Mortgage Rates Continue to Offer Sweet Treat to Buyers – Based on Freddie Mac reports, the 30-year fixed-rate mortgage averaged 3.47% this week, remaining an alluring incentive for buyers who want to lock in some of the lowest borrowing rates in years. “With mortgage rates hovering near a five-decade low, refinance application activity is once again surging, rising to the highest level in seven years,” says Sam Khater, Freddie Mac’s chief economist. “This surge, coupled with strong purchase activity, means that total mortgage demand remains robust, reflective of a solid economic backdrop, and a very low mortgage rate environment.”
Source and link to the full article: Freddie Mac
Home Price Hikes Widen Sellers’ Advantage – According to the National Association of REALTORS® latest quarterly report, most metro areas saw home prices rise in Q4 of 2019 as housing inventories remained constrained and buyer demand stayed high. Median single-family home prices rose annually in 94% of the markets NAR tracked in the fourth quarter, or 170 of 180 metro areas. The national median existing single-family home price was $274,900, a 6.6% increase from the fourth quarter of 2018, NAR reported. “It is challenging especially for those potential buyers, where we have a good economy, low interest rates, and a soaring stock market, yet are finding very few homes available for sale,” says Lawrence Yun, NAR’s chief economist. “We saw prices increase during every quarter of 2019 above wage growth.”
Source and link to the full article: National Association of REALTORS®
Millennials Falling Behind in Housing May Cause Lower Lifetime Wealth – Based on data from the Federal Reserve, when baby boomers reached the median age of 35 in 1990, they owned nearly one-third of U.S. homes by value. In 2019, the millennial generation, now at the median age of 31, owns just 4%. As millennials enter more prime buying years, that figure is expected to rise by the time their median age reaches 35. But housing analysts warn that millennials aren’t likely to reach 30% of the market share or even 20%, like the smaller Generation X was able to do at that age. “We’re looking at a generation that will have lower lifetime wealth” as a result, Jenny Schuetz, a housing policy expert at the Brookings Institution, told The Washington Post. “That’s bad news for the economy overall, not just millennials.” Homeownership has long been a traditional builder of wealth to the middle class, she adds. Many millennials may be getting priced out of housing markets. The median home price is far beyond the typical salary. Plus, millennials carry a large amount of debt, which is preventing them from saving for a home. Households headed by someone younger than 35 saw debt rise from $21,000 in 1989 to $39,000 in 2016 (adjusted for inflation). Student loan debt has more than doubled, 17% to 45% in that time frame. Further, the median debt more than tripled, $5,600 to $18,500.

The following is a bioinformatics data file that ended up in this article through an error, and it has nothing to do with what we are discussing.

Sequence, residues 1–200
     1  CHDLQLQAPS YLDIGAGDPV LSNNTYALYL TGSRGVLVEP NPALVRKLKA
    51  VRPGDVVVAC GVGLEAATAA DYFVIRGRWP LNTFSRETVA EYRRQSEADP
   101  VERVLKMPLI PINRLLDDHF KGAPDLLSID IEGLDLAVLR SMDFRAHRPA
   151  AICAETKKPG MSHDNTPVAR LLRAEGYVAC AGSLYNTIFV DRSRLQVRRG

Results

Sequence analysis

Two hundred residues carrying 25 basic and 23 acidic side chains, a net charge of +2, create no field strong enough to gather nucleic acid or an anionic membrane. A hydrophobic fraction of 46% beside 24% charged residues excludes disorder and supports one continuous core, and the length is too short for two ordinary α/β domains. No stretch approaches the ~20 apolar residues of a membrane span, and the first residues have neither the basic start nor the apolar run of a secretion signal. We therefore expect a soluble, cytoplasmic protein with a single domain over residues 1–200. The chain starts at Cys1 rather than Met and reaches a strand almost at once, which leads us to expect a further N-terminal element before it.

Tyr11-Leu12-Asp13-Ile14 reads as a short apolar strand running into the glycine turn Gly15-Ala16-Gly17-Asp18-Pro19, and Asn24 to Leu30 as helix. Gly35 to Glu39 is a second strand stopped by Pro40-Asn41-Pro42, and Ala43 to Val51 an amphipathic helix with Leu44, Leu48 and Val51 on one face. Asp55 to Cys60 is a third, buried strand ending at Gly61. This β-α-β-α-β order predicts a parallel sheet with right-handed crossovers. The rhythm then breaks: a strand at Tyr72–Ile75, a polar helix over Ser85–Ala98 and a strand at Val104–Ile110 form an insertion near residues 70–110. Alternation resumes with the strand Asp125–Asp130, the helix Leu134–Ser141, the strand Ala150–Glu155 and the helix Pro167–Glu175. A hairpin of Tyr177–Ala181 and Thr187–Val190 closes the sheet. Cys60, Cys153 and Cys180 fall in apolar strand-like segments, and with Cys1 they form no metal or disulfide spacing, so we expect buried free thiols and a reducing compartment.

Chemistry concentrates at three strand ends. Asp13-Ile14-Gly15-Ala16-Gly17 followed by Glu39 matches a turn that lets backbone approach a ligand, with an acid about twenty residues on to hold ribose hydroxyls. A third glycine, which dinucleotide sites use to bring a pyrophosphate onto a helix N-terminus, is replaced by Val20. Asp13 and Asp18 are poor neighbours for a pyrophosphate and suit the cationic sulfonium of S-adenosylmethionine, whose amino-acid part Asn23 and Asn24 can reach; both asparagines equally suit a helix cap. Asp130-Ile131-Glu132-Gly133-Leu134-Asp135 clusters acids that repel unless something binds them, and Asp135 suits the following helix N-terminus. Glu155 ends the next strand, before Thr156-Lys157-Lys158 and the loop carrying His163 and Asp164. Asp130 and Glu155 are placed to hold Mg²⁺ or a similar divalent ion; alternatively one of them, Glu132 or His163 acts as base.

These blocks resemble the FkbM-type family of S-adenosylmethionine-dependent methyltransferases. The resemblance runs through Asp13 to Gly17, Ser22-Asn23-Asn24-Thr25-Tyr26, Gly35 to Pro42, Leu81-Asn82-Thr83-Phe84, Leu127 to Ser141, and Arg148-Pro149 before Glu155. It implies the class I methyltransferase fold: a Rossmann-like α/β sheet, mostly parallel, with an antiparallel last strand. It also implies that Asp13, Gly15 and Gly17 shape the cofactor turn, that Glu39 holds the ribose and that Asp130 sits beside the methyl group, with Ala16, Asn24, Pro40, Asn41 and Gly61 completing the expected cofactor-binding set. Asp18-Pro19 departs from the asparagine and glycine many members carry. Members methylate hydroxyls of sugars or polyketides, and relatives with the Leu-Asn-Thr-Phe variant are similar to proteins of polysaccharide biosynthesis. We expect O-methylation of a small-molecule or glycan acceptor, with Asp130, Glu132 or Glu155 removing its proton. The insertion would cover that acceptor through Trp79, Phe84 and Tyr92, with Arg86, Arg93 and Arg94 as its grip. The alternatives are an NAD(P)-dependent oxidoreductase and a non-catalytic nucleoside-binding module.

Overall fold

Source and link to the full article: “Millennials’ Share of the U.S. Housing Market: Small and Shrinking,” The Washington Post (Jan. 20, 2020)
Nearly Half of Homeowners to Move This Decade – According to a new study released by LendingTree, forty-five percent of homeowners have plans to move at some point within this decade. Sixteen percent of survey respondents say they plan on moving to a new house in their current city; about 15% intend to move to a new city in their state; and 15% plan to relocate to a new state. The key motivators to move over the next few years, respondents say, include the desire to live in an area with a lower cost of living (30%); an area with better job prospects (28%); and to be closer to their children (21%). The motivations for moving differ from generation to generation. For example, millennials are more likely to move for a larger house, while baby boomers are motivated to retire in a new area.
Source and link to the full article: “Nearly Half of Homeowners Are Moving to a New Home in the 2020’s,” LendingTree (Feb. 10, 2020)